Supply chain visibility is an interesting topic. At least it’s interesting to those who want to talk about it, but possibly not so interesting to those that actually need to do something about implementing and making it a reality within their own enterprise operations. The disconnect however, does seem to be narrowing if KPMG’s recent report is to be believed.
Chile, the first nation to introduce electronic invoicing ten years ago, is taking it one step further. Starting November, 2014, e-invoicing will transition a prescribed business tool to a mandatory one. The new system combines aspects of the batch-oriented folio method utilized in the Mexican CFDI model with real-time communications, as is the norm in Brazil and Argentina.
This past February, Chile’s tax authority, the Servicio de Impuestos Intermos, announced that all commercial invoice transactions sent by companies earning more than 100,000 (UF) Unidad de Fomento yearly must be submitted to it via a standardized electronic format.
The end may be near for the New York region’s cross-harbor rail tunnels, with no good alternative in sight.
“I’m being told we got something less than 20 years before we have to shut one or two down,” said Amtrak C.E.O. Joseph Boardman at the Regional Plan Association’s conference last week at the Waldorf Astoria. “Something less than 20. I don’t know if that something less than 20 is seven, or some other number. But to build two new ones, you’re talking seven to nine years to deliver, if we all decided today that we could do it.”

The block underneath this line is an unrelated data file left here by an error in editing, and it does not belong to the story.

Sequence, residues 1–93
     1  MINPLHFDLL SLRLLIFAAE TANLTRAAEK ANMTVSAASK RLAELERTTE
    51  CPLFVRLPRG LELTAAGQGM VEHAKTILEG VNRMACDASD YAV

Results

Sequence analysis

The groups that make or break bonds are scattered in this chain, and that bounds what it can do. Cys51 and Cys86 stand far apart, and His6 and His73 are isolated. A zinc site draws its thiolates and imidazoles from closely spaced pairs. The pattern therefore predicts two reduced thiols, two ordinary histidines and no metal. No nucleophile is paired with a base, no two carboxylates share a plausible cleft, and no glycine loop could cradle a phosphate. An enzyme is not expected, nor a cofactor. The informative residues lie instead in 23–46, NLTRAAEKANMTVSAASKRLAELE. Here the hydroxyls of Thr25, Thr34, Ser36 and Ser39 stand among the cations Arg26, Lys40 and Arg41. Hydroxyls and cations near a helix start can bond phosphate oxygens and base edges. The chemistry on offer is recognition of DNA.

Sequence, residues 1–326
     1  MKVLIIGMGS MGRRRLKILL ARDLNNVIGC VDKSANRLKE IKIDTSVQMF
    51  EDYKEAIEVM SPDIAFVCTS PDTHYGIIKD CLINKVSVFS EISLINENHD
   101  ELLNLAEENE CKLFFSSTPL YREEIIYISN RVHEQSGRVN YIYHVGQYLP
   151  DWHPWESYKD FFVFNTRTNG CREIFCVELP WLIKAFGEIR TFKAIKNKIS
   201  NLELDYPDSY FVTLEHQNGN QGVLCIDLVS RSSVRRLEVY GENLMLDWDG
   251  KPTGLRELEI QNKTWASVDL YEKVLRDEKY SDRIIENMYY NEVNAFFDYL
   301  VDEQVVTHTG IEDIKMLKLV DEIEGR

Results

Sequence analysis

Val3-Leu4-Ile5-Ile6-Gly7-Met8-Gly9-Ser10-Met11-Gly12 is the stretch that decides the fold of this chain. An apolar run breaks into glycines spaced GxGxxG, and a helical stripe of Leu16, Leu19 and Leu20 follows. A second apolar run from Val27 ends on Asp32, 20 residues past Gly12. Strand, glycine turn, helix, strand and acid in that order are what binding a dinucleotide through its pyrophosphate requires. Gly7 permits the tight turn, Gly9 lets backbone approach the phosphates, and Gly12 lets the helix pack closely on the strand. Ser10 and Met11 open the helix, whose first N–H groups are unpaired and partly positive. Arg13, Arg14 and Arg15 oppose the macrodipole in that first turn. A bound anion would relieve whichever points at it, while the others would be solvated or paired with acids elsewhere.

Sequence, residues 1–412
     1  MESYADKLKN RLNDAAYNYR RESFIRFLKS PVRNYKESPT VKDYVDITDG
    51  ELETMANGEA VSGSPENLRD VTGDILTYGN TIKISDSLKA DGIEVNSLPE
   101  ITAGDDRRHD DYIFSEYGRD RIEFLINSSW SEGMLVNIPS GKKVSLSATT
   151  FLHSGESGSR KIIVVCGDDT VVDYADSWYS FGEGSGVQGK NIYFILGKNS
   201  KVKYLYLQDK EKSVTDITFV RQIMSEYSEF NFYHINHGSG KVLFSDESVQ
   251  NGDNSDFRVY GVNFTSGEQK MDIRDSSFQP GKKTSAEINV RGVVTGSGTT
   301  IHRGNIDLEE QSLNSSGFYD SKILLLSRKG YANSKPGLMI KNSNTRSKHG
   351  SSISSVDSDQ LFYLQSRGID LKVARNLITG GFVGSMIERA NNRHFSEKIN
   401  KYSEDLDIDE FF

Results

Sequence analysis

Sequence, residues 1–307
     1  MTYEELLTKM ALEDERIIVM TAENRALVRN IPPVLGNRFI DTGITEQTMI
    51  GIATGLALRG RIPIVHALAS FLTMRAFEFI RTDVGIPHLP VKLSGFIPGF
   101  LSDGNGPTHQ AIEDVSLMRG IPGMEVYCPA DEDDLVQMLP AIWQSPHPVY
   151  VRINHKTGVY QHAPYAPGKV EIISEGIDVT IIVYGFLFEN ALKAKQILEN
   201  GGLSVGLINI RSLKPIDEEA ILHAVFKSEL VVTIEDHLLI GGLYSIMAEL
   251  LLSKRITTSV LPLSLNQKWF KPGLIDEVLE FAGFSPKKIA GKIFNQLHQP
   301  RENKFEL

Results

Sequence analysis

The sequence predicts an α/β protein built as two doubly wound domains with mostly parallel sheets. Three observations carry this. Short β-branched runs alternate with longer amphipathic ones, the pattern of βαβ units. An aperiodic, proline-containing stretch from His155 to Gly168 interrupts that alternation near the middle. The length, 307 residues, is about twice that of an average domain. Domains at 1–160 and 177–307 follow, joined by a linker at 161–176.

Tom Wright, the Regional Plan Association’s executive director, described Boardman’s remarks as “a big shock.”
“I’ve been hearing abstractly people at Amtrak and other people at New Jersey Transit say for years the tunnels are over 100 years old and we have to be worried about them,” he said. “To actually have Joe put something concrete on the table, less than 20 years … Within my office, there was a level of, ‘Wow, this is really serious.’”
Most MTA services resumed “relatively quickly” following the October 2012 storm. Similarly, PANYNJ-operated facilities returned to full operation in less than a week in most cases, S&P officials said in a press release.
“We believe these operators’ strong contingency plans, along with their good liquidity positions, ability to obtain additional interim borrowing capacity, and actions to reinforce steady financial performance, and our expectation of insurance proceeds and federal aid demonstrated effective management and mitigated our concerns about the storm’s financial fallout,” said S&P’s credit analyst Joseph Pezzimenti.
The report is titled, “New York-Area Transportation Infrastructure Providers Passed The Superstorm Sandy Credit Test.”
Union Pacific Railroad plans to spend $9 million to improve the line between Sedalia and Pleasant Hill, Mo.
The project, which began May 15 and is scheduled to be completed by June’s end, includes replacing 60,500 ties and installing 22,300 tons of rock ballast. Crews also will renew the surfaces at 80 road crossings and install more than one mile of rail in various curves.
The project is one of about 1,500 the Class I will complete across its network this year to improve train operating efficiency, reduce motorist wait times at crossings and boost safety.